Please describe the characters of Beatrice, Giovanni and Rappaccini in Rapaccini's Daughter.
In Rappaccini's Daughter, Nathaniel Hawthorne has created very complex characters in what is a study in motive along with a study in good and evil, as well as in science and nature. Giovanni is the young protagonist; Beatrice the beautiful heroine; Rappaccini the exalted but delusional and deranged antagonist.
Giovanni is seeking greater truth but cannot prevent himself from becoming obsessed with an alluring beauty who appears to be the opposite of the lasting truth of knowledge because time and nature continually change and degrade beauty. Along with being obsessed by strange versions of familiar beauty, he also has a bit of a gullible nature that is easily influenced. As a result, he doesn't know "his own mind." These weaknesses in him, especially the weakness of not knowing his own mind, become the catalysts by which he is corrupted and by which evil actions assert themselves as he unintentionally takes a life that is beauty enmeshed in an evil shroud.
Beatrice, the embodiment of this beauty enmeshed in an evil shroud, is all goodness and, without the poisons that reared her, might be prey to the manipulating, harming forces in the world that like to prey upon the beauty, charm, innocence and openness of vulnerable women. Her father, the scientist Rappaccini, has sought to make her a bastion of strength against the dangers of life that may bring harm to defenseless women.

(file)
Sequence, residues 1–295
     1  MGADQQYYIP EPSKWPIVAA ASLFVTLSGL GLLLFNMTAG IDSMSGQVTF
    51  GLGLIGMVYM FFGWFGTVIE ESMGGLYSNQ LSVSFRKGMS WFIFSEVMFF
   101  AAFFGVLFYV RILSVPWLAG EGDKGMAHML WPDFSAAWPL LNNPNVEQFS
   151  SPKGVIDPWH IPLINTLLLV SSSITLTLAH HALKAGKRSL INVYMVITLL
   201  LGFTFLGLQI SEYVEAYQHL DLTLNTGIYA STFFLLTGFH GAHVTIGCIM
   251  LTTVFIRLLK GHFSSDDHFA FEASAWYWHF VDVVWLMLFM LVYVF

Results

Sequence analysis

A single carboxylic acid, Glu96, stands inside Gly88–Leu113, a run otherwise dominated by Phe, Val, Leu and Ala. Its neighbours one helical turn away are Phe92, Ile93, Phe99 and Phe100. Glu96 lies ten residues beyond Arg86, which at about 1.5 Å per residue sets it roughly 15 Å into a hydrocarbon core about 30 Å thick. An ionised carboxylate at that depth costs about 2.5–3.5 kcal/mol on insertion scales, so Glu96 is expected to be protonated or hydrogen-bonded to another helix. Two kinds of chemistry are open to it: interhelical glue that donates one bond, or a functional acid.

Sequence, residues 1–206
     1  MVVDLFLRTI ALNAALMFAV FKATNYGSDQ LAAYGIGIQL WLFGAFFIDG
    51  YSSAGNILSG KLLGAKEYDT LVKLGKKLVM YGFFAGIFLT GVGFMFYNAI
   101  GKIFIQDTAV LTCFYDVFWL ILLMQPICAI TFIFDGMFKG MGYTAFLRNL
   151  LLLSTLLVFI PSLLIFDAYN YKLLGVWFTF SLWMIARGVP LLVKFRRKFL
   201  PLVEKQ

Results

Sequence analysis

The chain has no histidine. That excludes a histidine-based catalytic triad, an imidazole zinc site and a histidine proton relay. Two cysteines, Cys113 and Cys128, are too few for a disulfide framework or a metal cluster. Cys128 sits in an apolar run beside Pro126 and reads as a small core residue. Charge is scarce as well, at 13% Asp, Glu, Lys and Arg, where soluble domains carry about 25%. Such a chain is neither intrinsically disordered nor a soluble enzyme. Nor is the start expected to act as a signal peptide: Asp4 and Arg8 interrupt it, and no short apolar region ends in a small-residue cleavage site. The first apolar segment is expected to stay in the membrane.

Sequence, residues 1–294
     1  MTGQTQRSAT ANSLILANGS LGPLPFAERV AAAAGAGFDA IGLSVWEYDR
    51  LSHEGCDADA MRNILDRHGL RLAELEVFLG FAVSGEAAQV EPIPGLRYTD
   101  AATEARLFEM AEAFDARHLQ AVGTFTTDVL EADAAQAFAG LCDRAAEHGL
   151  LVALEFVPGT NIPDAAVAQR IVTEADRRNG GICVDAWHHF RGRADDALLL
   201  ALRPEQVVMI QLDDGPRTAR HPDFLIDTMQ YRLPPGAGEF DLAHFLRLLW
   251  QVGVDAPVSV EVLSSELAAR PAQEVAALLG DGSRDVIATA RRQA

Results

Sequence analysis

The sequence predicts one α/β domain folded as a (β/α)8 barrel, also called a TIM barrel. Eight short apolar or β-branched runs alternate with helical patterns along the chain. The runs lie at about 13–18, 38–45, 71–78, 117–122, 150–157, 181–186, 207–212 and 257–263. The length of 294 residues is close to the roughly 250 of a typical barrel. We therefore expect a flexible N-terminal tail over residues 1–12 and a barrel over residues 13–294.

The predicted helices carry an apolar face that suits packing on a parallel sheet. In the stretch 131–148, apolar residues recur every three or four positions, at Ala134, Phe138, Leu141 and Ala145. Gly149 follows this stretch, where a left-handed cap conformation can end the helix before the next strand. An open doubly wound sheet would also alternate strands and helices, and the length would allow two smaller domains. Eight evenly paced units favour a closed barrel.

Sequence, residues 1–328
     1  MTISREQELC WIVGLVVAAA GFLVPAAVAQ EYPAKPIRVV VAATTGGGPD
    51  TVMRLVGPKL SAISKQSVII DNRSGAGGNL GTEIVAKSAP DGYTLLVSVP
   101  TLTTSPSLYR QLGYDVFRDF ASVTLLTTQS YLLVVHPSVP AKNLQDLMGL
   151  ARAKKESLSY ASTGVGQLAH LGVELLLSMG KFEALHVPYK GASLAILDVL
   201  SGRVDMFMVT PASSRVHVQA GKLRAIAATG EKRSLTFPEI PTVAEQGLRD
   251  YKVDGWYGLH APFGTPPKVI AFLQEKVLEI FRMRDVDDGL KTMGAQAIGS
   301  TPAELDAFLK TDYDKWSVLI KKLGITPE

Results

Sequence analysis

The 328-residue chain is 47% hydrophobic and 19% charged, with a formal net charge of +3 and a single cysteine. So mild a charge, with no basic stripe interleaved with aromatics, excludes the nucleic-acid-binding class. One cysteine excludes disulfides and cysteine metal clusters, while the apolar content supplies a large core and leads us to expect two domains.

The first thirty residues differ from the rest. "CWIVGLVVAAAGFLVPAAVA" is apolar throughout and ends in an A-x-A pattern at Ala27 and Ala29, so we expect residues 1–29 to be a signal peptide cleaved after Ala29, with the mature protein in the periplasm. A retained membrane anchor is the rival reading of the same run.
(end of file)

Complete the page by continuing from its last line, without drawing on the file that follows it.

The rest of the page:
Rappaccini is a credible holder of a doctoral degree and a well respected scientist who has taken a strange and unnatural turn in his scientific work. He devotes himself to creating and growing beautiful flowers that are the possessors or strong poisons. To do his work, he enlisted the help of Beatrice by raising her on the same poisons that created and raised the flowers. He created her to be their caretaker.
Hawthorne explores the ideas of what motives propel each character in addition to discussing the definition of good and evil along with the question of compatibility between Nature and science. Hawthorne underscores his discussions when Giovanni, the good young student with human weakness, becomes the slayer of the evil and poison-wrapped Beatrice who, while living, was ironically the embodiment of goodness. Giovanni and Rappaccini become more alike than they are different with the help of the jealous and envious services of the good professor from whom Giovanni seeks aid and comfort.